New Project 28 for SOURCE now available at PROJECT28
Think of a Screens type layout but one where you have the positioning power of Source, the ability to hide anything at any breakpoint, and the option to scale any specific text. The navigation arrows are automatically generated or can be selectively hidden and any button or link can be used to navigate (pages can also be linked to). Thumb swipe and mouse drag is present to create a web site for the TikTok generation of thumb swipers. These features make this type of horizontal and vertical full page scrolling web site a viable solution for many applications including being used for creating online learning and presentations.
I have updated this Project to v1.01 with a new feature and a new capability.
By adding some short code to your HTACCESS file on your server, this Project will now serve the original jpg or png images, or new webP images, if your browser is capable of displaying webP images.
The process is that the HTACCESS code detects the webP capabillity of the web visitors device, and if it is webP capable, AND if a webP version of the same image exists, then the webP version will be downloaded and displayed. This will reduce the download time by using smaller optimised webP images and can be significant way to speed your site up.
This will work with all jpg & png images including background images, slide images, Poster2 images, etc and no change is required at the Stacks level. You just enter a jpg or png image URL as normal and make sure there is an additional webP version with the same name at the same location.
A folder of these new optimised webP images is included with full instructions and a sample htaccess file in the Project.
The new feature is that a test message will appear at the bottom of the Project 28 home page that will display whether your browser can display webP images. This is useful when starting to use webP images.
Images must be warehoused images and your server must be running Apache (most are)…
Make sure you backup your current .htaccessfile if it exists.
Google PageSpeed won’t see the webP images becasue it checks the page code, but it will see jpg and png images that are the same size as webP images, so it will treat them as images that cannot be further optimised.
Existing customers can login to their Paddle Account to download new version.
If you are not happy editing your htaccess file, then just leave it as it is and the normal optimised jpg & png images will be used.
Stuart has a stack called SRCERER that does this for individual images.
However, Stacks doesn’t provide a functionallity like this so a stack to do this is not feasible.
However, by doing it this way, you are serving the webP images outside of the code generated by RW + Stacks and as long as you use warehoused images, you just need to add the webP images to your warehouse folder and you are good to go.
That’s really what my Projects are all about and particularly this one. The best way to understand how to build a web design is to see it all laid out and documented. In the new update there is also a ready made .htaccess file that you could drop into your site and as long as you have warehoused images setup, then you just need to add the webP images alongside the jpg or png versions.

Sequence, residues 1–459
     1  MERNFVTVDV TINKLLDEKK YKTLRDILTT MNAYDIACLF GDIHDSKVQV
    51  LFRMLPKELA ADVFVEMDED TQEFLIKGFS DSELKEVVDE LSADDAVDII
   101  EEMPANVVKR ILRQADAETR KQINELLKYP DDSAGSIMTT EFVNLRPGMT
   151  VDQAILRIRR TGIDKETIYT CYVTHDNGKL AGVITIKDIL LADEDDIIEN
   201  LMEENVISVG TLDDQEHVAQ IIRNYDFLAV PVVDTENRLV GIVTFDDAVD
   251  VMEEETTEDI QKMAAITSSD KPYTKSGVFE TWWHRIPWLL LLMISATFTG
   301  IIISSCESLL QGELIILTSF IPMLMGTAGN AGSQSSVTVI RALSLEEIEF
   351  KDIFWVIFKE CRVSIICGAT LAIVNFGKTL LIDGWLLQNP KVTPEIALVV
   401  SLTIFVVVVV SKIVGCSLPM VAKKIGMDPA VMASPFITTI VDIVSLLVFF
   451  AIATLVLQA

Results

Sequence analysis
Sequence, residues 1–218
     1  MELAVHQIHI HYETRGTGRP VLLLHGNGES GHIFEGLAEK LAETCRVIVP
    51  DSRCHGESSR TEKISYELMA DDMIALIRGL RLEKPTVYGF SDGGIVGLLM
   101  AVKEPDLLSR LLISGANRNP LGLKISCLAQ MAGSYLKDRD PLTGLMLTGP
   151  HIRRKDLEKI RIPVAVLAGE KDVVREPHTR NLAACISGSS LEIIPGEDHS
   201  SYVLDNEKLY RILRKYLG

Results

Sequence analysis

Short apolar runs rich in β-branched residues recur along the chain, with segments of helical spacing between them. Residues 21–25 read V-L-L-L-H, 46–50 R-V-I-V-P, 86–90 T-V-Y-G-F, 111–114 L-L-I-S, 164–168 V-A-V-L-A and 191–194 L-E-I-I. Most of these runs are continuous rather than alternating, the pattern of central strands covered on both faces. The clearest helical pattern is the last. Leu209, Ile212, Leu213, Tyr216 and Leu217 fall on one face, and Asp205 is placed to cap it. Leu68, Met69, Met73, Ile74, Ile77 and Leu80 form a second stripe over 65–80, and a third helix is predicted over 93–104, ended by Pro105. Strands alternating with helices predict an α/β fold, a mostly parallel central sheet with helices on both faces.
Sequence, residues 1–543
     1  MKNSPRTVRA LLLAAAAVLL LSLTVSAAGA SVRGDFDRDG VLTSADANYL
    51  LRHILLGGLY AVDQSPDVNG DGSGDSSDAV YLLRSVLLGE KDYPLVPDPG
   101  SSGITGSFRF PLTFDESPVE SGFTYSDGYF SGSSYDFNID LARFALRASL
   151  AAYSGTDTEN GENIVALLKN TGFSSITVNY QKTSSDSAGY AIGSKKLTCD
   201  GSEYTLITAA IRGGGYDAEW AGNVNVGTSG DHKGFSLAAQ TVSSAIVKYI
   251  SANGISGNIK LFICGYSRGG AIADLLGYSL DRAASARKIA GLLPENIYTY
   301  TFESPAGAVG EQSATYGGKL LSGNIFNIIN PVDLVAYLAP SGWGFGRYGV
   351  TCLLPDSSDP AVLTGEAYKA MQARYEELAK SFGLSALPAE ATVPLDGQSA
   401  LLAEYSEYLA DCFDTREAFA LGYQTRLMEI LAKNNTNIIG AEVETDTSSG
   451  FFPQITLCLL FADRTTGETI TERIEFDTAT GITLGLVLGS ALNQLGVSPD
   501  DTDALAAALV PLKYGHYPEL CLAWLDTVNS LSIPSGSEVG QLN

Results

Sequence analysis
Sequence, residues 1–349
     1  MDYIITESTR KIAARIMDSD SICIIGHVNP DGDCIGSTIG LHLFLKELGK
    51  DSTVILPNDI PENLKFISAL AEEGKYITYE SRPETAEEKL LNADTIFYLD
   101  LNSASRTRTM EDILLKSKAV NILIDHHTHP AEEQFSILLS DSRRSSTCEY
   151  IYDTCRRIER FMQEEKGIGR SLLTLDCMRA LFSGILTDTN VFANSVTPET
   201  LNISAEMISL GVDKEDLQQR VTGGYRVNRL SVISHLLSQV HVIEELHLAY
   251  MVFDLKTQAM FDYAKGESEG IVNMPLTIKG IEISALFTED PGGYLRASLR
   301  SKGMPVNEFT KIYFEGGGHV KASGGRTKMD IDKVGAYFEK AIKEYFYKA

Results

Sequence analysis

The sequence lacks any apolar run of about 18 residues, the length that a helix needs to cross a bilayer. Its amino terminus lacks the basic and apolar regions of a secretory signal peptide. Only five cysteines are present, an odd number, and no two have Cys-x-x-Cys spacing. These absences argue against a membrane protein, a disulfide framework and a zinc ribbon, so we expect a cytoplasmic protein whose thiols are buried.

It’s unfortunate that serving webP images and providing a fallback image is such a potentially time consumimg thing, but until there is widespread webP support, the method that is used in PR28 is the probably the easiest way to do it. Once you have used it on one site it would be quicker to implement on others.
PS 21% of browsers don’t support webP yet and I really can’t see Apple implementing it on Safari v15 earlier than BigSur. That means there is a great many Macs, iPhones and iPads that can’t display webP and therefore need a fallback jpg or png.
I agree, the code snippet detecting if the browser supports WebP images and then serving a .webp image instead of jpg / png if a .webp file is available in the same location as the provided jpg / png / gif is a great solution, as there is currently no full webp compatibility for browsers. Rightly, both the idea of this solution with htaccess, which for me is brilliant even if it is said on the net that it is not preferable, and the hours of code design and work spent to find this solution must also be rightly paid.
Thanks also to @GKs, for the suggestion, I did a search, and I understand better how the code works.
There isn’t any secrecy about this method, but it does require careful testing and careful thinking about how to implement it and then test it fully.
I suspect there are many RW users who add webP images and incorrectly assume that all web users can see them.
That interesting statement I believe applies to any competent HTML coder who is building a web site from scratch.
RW users are at the opposite end of this skill spectrum, and I am not aware of any complete RW solution to build a new site that will correctly deliver webP or jpg / png images for all site images, BG images, slider images, navigation bar logos, etc… AFAIK, doing this for an existing RW site would be a considerable rebuild even if a complete Stacks solution becomes available.
There is a great elegance to this solution in that it will automatically convert the selection of all images to webP in the future, should one day, browser support increase from 79% to 100%.
Another great looking project Gary. Really linking the continuous background effect in demo 3!
Am working on an update to Splider currently that would allow top-to-bottom slides like this to be navigated using the mouse wheel / trackpad. Think that would work well for this kind of full page setup.